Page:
Mitch McConnell Announces Decision On His Vote For Supreme Court Nominee


OPINION: This article may contain commentary which reflects the author's opinion.

Senate Minority Leader Mitch McConnell has announced his intention to vote against Supreme Court nominee Judge Ketanji Brown Jackson.

“After studying the nominee’s record and watching her performance this week, I cannot and will not support Judge Jackson for a lifetime appointment to our highest Court,” he said in a speech to the Senate.

“First, Judge Jackson refuses to reject the fringe position that Democrats should try to pack the Supreme Court. Justices Ginsburg and Breyer had no problem denouncing this unpopular view and defending their institution. I assumed this would be an easy softball for Judge Jackson. But it wasn’t,” he added.

“The nominee suggested there are two legitimate sides to the issue. She testified that she has a view on the matter but would not share it. She inaccurately compared her non-answer to a different, narrower question that a prior nominee was asked. But Judge Jackson seemingly tipped her hand,” the minority leader said.

“She said she would be, ‘thrilled to be one of however many.’ The opposite of the Ginsburg and Breyer sentiment. The most radical pro-court-packing fringe groups badly wanted this nominee for this vacancy. Judge Jackson was the court-packers’ pick. And she testified like it,” he continued.

“This is one area where Judge Jackson’s trial court records provide a wealth of information. And it is troubling,” he said.


“The Judge regularly gave certain terrible kinds of criminals light sentences that were beneath the sentencing guidelines and beneath the prosecutors’ requests. The Judge herself, this week, used the phrase ‘policy disagreement’ to describe this subject. The issue isn’t just the sentences. It’s also the Judge’s rhetoric in trial transcript and the creative ways she bent the law. In one instance, Judge Jackson used COVID as a pretext to essentially rewrite a criminal justice reform law from the bench and make it retroactive, which Congress had declined to do,” McConnell said.

“She did so to cut the sentence of a fentanyl trafficker while Americans died in huge numbers from overdoses. Judge Jackson declined to walk Senators through the merits of her reasoning in specific cases. She just kept repeating that it was her discretion, and if Congress didn’t like it, it was our fault for giving her the discretion. That is hardly an explanation as to why she uses her discretion the way she does,” McConnell said.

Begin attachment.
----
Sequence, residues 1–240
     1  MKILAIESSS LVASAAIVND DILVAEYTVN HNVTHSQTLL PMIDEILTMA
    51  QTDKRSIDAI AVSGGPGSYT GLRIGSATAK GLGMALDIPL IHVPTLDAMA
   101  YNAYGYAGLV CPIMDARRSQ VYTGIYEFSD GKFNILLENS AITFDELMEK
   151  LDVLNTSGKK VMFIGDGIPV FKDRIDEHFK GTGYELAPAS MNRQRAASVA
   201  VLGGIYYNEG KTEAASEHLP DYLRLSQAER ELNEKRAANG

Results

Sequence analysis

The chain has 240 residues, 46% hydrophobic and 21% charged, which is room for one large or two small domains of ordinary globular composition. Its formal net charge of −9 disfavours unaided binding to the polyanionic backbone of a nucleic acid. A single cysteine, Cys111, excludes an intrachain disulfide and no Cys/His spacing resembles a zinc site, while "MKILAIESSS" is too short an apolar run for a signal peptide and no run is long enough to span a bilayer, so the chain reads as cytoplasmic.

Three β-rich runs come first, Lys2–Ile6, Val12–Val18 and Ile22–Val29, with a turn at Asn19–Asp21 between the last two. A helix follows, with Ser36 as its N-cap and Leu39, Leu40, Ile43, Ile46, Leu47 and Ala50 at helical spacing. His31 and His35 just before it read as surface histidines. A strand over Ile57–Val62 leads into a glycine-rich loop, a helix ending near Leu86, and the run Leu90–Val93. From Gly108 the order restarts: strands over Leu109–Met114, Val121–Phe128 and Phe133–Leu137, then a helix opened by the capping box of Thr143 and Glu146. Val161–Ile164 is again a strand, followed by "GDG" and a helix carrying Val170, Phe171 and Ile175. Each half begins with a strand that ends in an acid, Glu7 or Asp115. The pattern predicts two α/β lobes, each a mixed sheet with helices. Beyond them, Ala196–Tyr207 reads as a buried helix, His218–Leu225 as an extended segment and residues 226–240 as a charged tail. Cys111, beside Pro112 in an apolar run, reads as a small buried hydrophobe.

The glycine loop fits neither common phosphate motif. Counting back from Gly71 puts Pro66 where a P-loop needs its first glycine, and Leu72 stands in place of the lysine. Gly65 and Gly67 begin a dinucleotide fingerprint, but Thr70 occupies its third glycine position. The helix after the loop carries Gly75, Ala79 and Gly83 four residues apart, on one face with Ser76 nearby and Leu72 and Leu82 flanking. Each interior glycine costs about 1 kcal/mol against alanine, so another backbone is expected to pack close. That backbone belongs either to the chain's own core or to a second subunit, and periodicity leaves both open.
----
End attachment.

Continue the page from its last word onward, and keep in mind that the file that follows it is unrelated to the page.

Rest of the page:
“It was not reassuring to hear Judge Jackson essentially say that if Senators want her to be tough on crime, we need to change the law, take away her discretion, and force her to do it. That response just seems to confirm that deeply-held personal policy views seep into her jurisprudence. And that is exactly what the record suggests,” he concluded.


Earlier this week, Jackson refused to offer a direct answer when asked about packing the Supreme Court with liberal judges.

During her Senate confirmation hearing, Brown, who was nominated by President Joe Biden to replace retiring Justice Stephen Breyer, dodged a question about court-packing.

Below is a transcript of the exchange:

DURBIN: “Another issue which has come up to my surprise, and I have spoken with my Republican colleagues about their fascination with it, is the notion of the composition of the Supreme Court, which euphemistically is referred to as court-packing. I have said on the floor, and I will repeat it here, there is exactly one living senator who has effectively changed the size of the Supreme Court. That was the Republican leader, Sen. McConnell, who shrank the court to eight seats for nearly a year in 2016 when he blocked President Obama’s nomination of Merrick Garland. Now, that question on court-packing was posed to Amy Coney Barrett, justice on the court, when she appeared before this committee, she was asked about it. She said, and I quote, ‘Could not opine on it.’ And on many other policy issues, quote, ‘I will not express a view on a matter of public policy, especially one that is politically controversial, because that is inconsistent with the judicial role.’ I do believe we should have rules and traditions and precedents, but we shouldn’t have a separate set of rules for Republican nominees and Democratic nominees. So, Judge Jackson, if a senator were to ask you today about proposals about changing the current size of the Supreme Court, what would your response be?”


JACKSON: “Senator, I agree with Justice Barrett and her response to that question when she was asked before this committee. Again, my north star is the consideration of the proper role of a judge in our constitutional scheme. In my view, judges should not be speaking to political issues, and certainly not a nominee for a position on the Supreme Court. So, I agree with Justice Barrett.”


Last year, the Presidential Commission on the Supreme Court voted in favor of approving its final report to President Joe Biden.

The final draft of the 288-page report didn’t offer specific recommendations, but rather provided a summary of arguments for and against critical issues ranging from court-packing to judicial term limits.

Notably, the commission took “no position” on court-packing, which is the liberal idea of adding justices to the Supreme Court.


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